I've been loving my Pofahl fat bike. I've gotten out on three rides this week for about 60 miles of riding total. The bike handles and fits great. It is really exactly what I was hoping for.
This bike was designed around Salsa's Woodchipper offroad drop handlebar. This bar is wider than typical road handles, and has a huge amount of flare outward in the drop section. The drop portion of this bar is designed to be the main position used. The transition from the bar to the brake hood is very flat, which make the hood position quite usable as well. I love these bars. I have them on my Salsa Fargo, my Rawland Drakkar, and my Steve Potts single speed. Given how comfortable I am on my other bikes, it seemed very logical to build this bike around the same bars.
There are some special considerations that come into play when adding these bars to an existing bike, or when you are designing a bike for them. Because the drop portion of the bar is intended to be your main position, the bar needs to be higher overall than it would be on a road or cyclocross bike. There are two ways to accomplish this, either you get a tall stem, or you make the frame tall enough to set the bars high.
With stand over height so important on a fat bike I decided on the taller stem approach. This type of set up for mountain bikes with drop bars was common in California in the late eighties and early nineties. It's an aesthetic that you either love or hate. I really like it. It gets the bars to a proper height, and still affords a lot of room over the top tube. For my personal fit, the tops of the Woodchippers are set 1" above my saddle height. This makes the drop portion of the bar about 2.5"s below my saddle height, right at where I like my flat bars.
The bike features a lot of little details that really make it a class act. I am a huge fan of these head tube enforcing lugs. I think they compliment the fillet brazed joints of the bike, and are a bit of a throwback to the look of lugged bikes that I love. These photos really don't do the paint justice, it really glows in the sun.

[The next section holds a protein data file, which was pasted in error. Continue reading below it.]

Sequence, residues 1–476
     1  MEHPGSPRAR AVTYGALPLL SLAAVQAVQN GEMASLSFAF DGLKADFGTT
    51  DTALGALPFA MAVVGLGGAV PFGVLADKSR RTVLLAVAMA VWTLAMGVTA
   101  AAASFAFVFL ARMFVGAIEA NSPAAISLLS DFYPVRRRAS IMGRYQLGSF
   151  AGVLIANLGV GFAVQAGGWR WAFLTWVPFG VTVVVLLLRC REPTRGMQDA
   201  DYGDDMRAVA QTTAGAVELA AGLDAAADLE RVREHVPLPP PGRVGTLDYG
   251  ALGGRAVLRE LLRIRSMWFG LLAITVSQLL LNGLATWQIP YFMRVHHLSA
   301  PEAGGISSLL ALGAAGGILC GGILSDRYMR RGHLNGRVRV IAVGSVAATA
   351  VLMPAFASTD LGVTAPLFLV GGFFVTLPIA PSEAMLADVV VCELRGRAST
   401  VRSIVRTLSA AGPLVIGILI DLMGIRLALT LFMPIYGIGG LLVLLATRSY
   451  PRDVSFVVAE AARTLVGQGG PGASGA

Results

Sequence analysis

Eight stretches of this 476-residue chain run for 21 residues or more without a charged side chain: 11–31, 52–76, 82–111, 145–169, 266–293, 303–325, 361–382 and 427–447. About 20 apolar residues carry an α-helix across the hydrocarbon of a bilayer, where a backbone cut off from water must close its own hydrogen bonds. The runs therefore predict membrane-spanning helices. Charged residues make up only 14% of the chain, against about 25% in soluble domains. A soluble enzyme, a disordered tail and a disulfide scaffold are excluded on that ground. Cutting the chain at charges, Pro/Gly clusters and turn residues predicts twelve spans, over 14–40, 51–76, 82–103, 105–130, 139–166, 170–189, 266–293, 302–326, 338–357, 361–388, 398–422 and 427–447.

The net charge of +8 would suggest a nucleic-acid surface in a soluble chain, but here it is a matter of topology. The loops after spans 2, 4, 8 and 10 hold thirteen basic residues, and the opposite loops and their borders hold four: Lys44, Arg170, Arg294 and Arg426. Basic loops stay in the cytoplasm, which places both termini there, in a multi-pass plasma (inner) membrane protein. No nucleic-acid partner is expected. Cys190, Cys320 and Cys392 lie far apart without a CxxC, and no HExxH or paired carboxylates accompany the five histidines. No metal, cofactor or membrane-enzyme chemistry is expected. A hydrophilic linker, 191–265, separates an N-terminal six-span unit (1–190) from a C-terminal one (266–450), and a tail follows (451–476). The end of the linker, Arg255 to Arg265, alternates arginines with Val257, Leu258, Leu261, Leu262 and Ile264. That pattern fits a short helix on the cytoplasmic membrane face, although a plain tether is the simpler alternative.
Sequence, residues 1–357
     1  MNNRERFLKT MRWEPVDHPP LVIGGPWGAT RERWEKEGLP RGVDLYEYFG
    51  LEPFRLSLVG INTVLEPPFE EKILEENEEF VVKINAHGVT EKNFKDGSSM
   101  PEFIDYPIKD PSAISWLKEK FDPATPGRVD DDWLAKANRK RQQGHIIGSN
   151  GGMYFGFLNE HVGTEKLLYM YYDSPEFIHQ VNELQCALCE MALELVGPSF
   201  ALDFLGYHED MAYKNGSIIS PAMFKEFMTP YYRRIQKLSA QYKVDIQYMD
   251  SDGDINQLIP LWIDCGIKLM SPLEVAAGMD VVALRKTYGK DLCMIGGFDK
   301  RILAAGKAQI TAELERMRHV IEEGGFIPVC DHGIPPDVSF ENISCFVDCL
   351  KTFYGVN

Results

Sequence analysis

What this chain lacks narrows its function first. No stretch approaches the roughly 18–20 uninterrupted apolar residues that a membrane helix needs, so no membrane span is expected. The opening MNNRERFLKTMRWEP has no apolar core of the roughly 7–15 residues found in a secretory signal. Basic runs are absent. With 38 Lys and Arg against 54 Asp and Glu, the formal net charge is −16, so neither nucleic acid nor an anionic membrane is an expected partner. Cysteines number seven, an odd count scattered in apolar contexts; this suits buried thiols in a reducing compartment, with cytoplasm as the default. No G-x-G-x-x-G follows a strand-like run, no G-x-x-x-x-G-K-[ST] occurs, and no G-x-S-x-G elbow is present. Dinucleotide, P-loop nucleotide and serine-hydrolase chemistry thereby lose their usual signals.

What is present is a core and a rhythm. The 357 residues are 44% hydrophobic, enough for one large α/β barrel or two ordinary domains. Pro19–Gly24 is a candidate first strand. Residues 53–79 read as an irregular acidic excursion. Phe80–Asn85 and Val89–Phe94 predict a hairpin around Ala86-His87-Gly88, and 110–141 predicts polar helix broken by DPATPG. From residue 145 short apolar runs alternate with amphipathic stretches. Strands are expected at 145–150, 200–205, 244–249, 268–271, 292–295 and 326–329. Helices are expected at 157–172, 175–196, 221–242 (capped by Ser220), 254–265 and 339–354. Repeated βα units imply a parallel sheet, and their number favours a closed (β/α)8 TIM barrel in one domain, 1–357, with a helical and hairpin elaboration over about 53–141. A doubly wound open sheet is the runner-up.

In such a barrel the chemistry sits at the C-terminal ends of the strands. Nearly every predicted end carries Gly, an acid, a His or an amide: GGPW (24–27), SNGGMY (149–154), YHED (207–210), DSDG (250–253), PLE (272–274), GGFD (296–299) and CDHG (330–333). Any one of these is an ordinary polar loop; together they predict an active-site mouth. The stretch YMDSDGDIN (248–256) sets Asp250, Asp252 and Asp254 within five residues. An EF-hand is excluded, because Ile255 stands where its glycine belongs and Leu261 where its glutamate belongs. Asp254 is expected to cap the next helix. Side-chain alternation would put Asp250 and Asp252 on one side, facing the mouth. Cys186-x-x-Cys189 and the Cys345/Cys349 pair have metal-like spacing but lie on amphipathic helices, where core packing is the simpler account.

The drivetrain set up on this bike is durable and dependable. The derailleurs, chain and cassette are all Shimano XT. The shifters are Shimano bar end touring shifters. All of these parts are dead reliable in any conditions. They should last a very long time, and provide a measure of security on cold nights on dark snowmobile trails.
Gearing for this bike is low and slow. The front chain rings are 32t with a 20t grannie gear. The rear cassette is standard 11-34t. This provides a very low, low gear, and a plenty high gear for gravel or trails. The 32-11 high gear is really enough, I doubt there will be many times I'll spin it out.
Brakes on this bike are standard Avid BB7 mechanical discs. They are really the only premium option when using drop bars. The cable to the rear brake is routed through the rear chain stay. This keeps the rear end clean, and offers a really nice aesthetic touch.
The front derailler cable receives the same treatment. It keeps the top tube clean for easy frame bag mounting, and the routing works beautifully.
The wheels on this bike are rather special. They feature gorgeous Phil Wood hubs laced to the lightweight Surly Rolling Darryl rims. These are the blue wheels that have been featured on the blog here before. It's great to finally be able to use them. The blue color compliments the green very well. I really think it comes together well.
I plan on using this bike for general winter trail riding, as well as winter commuting. As the sizes of the frames are similar, the bags from my Fargo swap over easily to this frame. I'll be riding this set up for quite some time into spring as well. It's going to be a great tool to get back into shape for longer spring and summer rides.
Overall I'm thoroughly pleased with the bike and how it rides. I have about 60 miles on it so far, and I couldn't be happier. Mike built this bike exceedingly well, and it shows.